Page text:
The European Network for Information Security Agency (ENISA) has issued a lengthy report that outlines the finer points concerning end-to-end network resilience.
The recommendations detail best practices for mitigation efforts for those times when bad situations turn worse, or in ENISA's terms, "when incidents render incident response procedures ineffective and destabilise the management."
The primary focus of the report is geared towards critical infrastructure systems used in public networks and services.
ENISA's report covers abnormal but legitimate traffic loads, accidents and human errors, large scale disasters, malicious attacks, and technical failures at lower levels that can adversely affect network access and operations.
The document's executive summary states:
End-to-end resilience is achieved from the planned combination of prevention, protection, response and recovery arrangements, whether technical, organisational or social. It is required:
- To cope with incidents from very minor up to extreme impacts
- To cope with situations that can be handled through everyday incident response procedures up to crises too complex to be handled in a day-to-day procedural manner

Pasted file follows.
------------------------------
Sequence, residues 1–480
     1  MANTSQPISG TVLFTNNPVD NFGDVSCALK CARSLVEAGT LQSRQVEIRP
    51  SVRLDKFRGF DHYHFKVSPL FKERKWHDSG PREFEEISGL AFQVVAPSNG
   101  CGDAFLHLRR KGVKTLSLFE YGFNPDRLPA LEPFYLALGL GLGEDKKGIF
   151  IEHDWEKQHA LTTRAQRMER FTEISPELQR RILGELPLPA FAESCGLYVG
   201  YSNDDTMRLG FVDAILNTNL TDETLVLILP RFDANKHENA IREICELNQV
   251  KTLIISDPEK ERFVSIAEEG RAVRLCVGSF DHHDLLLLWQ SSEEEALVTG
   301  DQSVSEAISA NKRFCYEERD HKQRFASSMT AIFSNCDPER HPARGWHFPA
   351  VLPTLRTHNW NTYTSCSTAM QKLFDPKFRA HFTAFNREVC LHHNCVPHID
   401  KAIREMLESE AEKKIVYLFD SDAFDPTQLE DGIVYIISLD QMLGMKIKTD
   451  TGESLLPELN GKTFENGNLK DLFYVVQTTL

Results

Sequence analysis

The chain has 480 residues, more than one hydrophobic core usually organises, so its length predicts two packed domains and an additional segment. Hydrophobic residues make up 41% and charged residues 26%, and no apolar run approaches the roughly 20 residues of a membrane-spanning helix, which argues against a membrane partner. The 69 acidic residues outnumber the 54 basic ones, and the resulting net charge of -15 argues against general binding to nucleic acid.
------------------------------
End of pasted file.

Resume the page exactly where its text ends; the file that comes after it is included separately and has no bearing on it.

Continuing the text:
A number of statements can be made that characterise a resilient system:
- A resilient system is reliable.
- corollary: a reliable system may be used as the foundation of a resilient system but a reliable system will not always be resilient
- A resilient infrastructure features high availability that is an effect of all components
- A resilient system should provide for business continuity and management of unforeseen or unexpected risks
- A resilient system should offer a security level adequate to the information being transmitted
- End-to-end resilience requires resilience in all components of the infrastructure
The good practices identified in this document should be enforced as a first measure to achieve resilience.
The report covers aspects of network design, operations and access control management. It also looks at risk assessment and impact analysis for system wide resiliency planning.
The full report can be downloaded from ENISA at the following link: